Namie and his Bellingham, Wash.-based institute have been working on the issue for more than 20 years, but he said that the Incognito-Martin case caused “a tectonic shift.”
Tags: 2014 WBI U.S. Workplace Bullying Survey, anti-bullying legislation, bullying research, Gary Namie, Healthy Workplace Bill, SHRM, survey, workplace bullying, Workplace Bullying Institute
Posted in Employers Gone Wild: Doing Bad Things, Healthy Workplace Bill (U.S. campaign), NFL: Jonathan Martin, WBI Education, WBI in the News, WBI Surveys & Studies, Workplace Bullying Laws | No Archived Comments | Post A Comment (
Monday, January 6th, 2014
Bullying, Bigotry and a Bill to Prevent Picking on All Personnel
by Frank Kalman, Workforce, Jan. 5, 2014
Unless bullying involves discrimination, it’s mostly legal to be a jerk at work. Some are trying to change that.
Culture is a powerful force, especially in the workplace.
In the right setting, high-stress, high-profile workplaces such as hospitals, law enforcement offices and professional sports teams can promote a culture of camaraderie and teamwork while producing positive results. However, big egos also can quickly reign supreme, leaving an environment ripe for intimidation and bullying. With no laws specifically preventing workplace bullying — unless the conduct involves discrimination — it’s legal to be a jerk at work, experts say.
Workplace culture likely played a role in a recent high-profile bullying case that became national news with the National Football League’s Miami Dolphins. In midseason, offensive lineman Jonathan Martin unexpectedly left the Dolphins saying he was being harassed by teammates, including fellow lineman Richie Incognito.
Tags: anti-bullying legislation, David Yamada, Healthy Workplace Bill, Jonathan Martin, NFL, Richie Incognito, workplace bullying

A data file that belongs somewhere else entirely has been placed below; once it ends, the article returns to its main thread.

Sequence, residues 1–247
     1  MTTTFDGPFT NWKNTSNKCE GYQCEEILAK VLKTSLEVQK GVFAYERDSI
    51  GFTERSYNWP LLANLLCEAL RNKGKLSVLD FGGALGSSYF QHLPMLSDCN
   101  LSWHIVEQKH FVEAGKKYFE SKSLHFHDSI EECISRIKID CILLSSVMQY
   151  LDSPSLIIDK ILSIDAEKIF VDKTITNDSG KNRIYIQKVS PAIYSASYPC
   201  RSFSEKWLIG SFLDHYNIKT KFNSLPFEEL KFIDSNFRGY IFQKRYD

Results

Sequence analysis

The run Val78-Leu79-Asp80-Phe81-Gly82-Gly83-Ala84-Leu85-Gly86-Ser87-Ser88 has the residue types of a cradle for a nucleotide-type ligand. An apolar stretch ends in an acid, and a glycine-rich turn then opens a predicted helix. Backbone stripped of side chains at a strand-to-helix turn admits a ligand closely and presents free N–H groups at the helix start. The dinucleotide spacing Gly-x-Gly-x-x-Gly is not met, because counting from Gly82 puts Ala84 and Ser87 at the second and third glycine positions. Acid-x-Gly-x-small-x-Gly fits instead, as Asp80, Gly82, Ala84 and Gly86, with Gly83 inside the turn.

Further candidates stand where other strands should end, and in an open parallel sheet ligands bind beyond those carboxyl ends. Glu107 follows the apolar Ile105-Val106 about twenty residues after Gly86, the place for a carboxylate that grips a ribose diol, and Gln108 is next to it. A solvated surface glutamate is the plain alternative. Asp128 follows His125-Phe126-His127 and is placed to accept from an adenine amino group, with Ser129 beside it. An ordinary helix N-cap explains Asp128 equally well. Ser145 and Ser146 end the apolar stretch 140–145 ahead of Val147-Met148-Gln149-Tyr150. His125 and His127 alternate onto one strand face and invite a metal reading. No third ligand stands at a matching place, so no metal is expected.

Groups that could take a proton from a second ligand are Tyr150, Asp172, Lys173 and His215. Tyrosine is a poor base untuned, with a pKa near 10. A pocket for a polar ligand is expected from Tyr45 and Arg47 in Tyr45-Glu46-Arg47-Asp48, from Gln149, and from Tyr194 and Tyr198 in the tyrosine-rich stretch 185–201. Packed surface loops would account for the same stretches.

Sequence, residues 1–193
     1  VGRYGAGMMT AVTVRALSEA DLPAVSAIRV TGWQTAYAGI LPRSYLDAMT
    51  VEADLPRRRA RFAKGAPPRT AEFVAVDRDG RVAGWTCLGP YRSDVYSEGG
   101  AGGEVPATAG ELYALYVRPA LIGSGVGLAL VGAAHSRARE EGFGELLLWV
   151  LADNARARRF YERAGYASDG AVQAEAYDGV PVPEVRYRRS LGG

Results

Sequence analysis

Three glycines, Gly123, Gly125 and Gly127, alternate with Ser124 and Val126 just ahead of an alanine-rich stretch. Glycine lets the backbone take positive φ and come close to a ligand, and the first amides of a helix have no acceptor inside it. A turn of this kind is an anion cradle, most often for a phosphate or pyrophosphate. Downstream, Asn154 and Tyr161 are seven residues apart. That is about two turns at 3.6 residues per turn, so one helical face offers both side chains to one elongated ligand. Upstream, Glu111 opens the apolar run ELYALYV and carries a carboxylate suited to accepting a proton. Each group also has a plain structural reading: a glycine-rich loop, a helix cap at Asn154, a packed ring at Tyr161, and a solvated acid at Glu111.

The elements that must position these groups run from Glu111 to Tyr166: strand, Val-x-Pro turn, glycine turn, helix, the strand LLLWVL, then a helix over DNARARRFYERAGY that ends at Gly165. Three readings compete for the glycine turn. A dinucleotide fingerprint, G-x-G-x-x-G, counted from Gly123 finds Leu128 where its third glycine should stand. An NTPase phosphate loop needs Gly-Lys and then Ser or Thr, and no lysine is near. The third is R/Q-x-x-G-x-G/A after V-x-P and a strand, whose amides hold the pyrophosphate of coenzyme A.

Posted in Healthy Workplace Bill (U.S. campaign), Media About Bullying, NFL: Jonathan Martin, Print: News, Blogs, Magazines, WBI in the News, Workplace Bullying Laws | No Archived Comments | Post A Comment (
Thursday, August 8th, 2013
By Susan Kreimer, Main Street, August 7, 2013
Bullies exert control in schools, playgrounds, cyber space—and in the workplace, too. But adults typically don’t expect as much empathy as kids do. Many suffer in silence.
“Ideally, coworkers should intervene,” says Gary Namie, who co-founded the Workplace Bullying Institute with his wife, Ruth, in Bellingham, Wash. in 1997. “However, research shows that this happens in less than 1% of incidents.” Compounding a bullied worker’s misery, “employers seem reluctant to act.”
Bullying on the job occurs four times more often than sexual harassment or racial discrimination, according to the institute, which is leading a national campaign to enact the anti-bullying Healthy Workplace Bill in all 50 states.
Tags: anti-bullying legislation, coworkers, David Yamada, Gary Namie, Healthy Workplace Bill, Main Street, North Dakota State University, Pamela Lutgen-Sandvik, sexual harassment, Susan Kreimer, workplace bullying
Posted in Tutorials About Bullying, WBI Education, WBI in the News | 1 Archived Comment | Post A Comment (